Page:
IgM antibody using Cµ as in this particular example here,
or alternatively using Cδ to encode an IgD antibody.
And the important point is, the same V, D and J sequence
is being used for both of those classes of antibody.
So both the IgM antibody and the IgD antibody in a
single B-cell will be of identical specificity.
So if the IgM is against Staphylococcus,
the IgD will be against Staphylococcus.
That messenger RNA is then translated into
protein and the Constant region gene as the name
suggests encodes, the Constant region of the
antibody molecule, in this case an IgM antibody.
And the Variable region is made up of three different gene
segments - the V segment, the D segment and the J segment.
So although the Variable region in the protein is just
referred to as the Variable region, it’s actually encoded by
three different gene segments; not only the Variable gene
segment, but also the Diversity and the Joining gene segments.
Within the Variable region of antibodies, there
are three regions that are hypervariable.
They vary even more between
one antibody and another.
And these three hypervariable
regions are referred to as the CDRs.
That stands for Complementarity
So we have CDR1, CDR2 and CDR3.
And as you can see from this illustration,
CDR1 and CDR2 are encoded entirely by the
Variable gene segment, whereas CDR3 is encoded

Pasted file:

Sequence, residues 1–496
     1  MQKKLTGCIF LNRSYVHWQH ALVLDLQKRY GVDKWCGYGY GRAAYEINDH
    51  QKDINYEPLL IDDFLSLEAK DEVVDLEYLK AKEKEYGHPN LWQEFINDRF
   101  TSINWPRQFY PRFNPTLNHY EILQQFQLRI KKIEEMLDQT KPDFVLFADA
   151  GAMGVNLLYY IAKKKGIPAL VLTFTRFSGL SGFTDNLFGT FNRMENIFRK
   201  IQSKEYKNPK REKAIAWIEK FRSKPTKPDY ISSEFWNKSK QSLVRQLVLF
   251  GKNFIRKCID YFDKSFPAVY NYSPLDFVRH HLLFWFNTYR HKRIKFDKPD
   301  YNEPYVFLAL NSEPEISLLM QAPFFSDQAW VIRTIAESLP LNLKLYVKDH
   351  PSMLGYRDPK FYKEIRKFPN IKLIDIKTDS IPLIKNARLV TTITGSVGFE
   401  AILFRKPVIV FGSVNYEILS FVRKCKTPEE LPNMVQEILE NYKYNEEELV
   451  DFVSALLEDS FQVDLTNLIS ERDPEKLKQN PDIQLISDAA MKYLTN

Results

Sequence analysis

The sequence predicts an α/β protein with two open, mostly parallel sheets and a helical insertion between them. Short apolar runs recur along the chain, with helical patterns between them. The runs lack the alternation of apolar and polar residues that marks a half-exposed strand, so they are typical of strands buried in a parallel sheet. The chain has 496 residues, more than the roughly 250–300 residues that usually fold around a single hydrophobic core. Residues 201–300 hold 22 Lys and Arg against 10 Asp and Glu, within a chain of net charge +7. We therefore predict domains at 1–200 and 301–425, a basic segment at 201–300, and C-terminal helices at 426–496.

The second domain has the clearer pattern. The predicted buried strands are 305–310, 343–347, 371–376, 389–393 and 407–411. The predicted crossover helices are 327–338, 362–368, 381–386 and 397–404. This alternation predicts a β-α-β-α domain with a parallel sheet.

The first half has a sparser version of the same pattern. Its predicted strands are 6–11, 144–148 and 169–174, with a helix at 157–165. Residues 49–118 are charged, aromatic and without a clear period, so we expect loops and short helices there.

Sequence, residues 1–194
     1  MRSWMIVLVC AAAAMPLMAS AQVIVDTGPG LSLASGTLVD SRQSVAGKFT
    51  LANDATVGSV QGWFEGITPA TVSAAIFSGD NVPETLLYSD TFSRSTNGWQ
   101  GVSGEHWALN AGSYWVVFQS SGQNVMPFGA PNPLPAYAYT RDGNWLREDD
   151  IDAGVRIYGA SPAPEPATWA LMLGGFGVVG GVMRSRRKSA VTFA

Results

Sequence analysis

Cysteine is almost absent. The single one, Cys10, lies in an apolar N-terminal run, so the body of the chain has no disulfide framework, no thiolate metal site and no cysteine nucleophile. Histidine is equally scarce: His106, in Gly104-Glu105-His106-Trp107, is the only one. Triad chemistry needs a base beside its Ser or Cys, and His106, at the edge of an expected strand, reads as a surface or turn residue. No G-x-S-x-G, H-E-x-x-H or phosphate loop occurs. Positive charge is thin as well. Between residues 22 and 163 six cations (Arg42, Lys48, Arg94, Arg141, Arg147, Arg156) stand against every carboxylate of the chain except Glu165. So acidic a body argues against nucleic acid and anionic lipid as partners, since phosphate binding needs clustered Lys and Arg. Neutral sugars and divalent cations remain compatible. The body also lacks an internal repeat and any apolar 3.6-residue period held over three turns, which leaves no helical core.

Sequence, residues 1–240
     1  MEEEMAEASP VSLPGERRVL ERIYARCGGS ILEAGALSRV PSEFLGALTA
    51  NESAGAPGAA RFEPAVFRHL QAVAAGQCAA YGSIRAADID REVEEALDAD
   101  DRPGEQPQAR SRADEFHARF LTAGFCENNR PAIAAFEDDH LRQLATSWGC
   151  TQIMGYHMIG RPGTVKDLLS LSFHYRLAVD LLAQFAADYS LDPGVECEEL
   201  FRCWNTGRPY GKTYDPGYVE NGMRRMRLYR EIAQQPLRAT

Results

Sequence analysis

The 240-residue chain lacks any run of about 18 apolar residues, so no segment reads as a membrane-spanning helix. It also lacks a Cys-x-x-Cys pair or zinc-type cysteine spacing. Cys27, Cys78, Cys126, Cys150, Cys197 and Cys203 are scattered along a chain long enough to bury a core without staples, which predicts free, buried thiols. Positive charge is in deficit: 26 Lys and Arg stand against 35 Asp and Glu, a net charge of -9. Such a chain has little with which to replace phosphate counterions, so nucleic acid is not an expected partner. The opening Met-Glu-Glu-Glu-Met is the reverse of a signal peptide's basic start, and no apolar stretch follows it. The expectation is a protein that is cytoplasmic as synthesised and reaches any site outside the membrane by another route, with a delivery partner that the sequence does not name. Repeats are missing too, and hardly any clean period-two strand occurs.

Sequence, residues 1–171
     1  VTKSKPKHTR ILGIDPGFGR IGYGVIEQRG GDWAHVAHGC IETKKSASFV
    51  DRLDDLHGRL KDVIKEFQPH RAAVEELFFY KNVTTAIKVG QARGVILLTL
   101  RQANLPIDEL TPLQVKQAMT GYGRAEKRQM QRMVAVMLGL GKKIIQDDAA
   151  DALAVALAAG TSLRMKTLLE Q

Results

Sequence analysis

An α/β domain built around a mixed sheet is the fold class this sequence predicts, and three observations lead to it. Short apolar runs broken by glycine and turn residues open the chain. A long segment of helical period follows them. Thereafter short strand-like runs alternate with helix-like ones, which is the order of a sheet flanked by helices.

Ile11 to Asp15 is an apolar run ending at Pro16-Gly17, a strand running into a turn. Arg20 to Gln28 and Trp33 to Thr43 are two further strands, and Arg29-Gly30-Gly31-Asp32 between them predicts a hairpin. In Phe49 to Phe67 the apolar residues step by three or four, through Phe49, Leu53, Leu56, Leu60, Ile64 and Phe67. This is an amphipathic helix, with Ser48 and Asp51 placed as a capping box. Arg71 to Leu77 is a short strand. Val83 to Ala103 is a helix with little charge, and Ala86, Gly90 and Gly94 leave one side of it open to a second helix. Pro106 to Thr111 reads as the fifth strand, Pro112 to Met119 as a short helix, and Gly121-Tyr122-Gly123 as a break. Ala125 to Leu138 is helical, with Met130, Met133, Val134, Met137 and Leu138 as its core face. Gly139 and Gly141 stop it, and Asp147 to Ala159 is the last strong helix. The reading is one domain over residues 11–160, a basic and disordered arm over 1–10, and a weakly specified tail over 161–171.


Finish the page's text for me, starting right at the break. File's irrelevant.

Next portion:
by a combination of V, D and J gene segments.
What that means is that CDR3 is much more
variable, because it’s the combination
of one out of 40 Variable, one out
of 27 Diversity, one out of six J;
whereas at least initially, the CDR1
and CDR2 are not nearly as diverse
because they can only be selected from
one out of 40 Variable gene segments.
So the antibody is then produced,
this is the heavy chain you see here.
The light chains undergo a similar recombination process,
but remember there are no D segments in the light chains.
So it’s just a recombination of one out of a number of V
segments being placed next to one out of a number of J segments.
So on this particular diagram we can see how the
CDR1, CDR2 and CDR3 hypervariable regions sit
towards the tip of the antibody and are present
in both the heavy chain and the light chain.
So the Variable region of the light chain and the
Variable region of the heavy chain are next to
each other, and then below that is the Constant
region of the heavy chain and the light chain.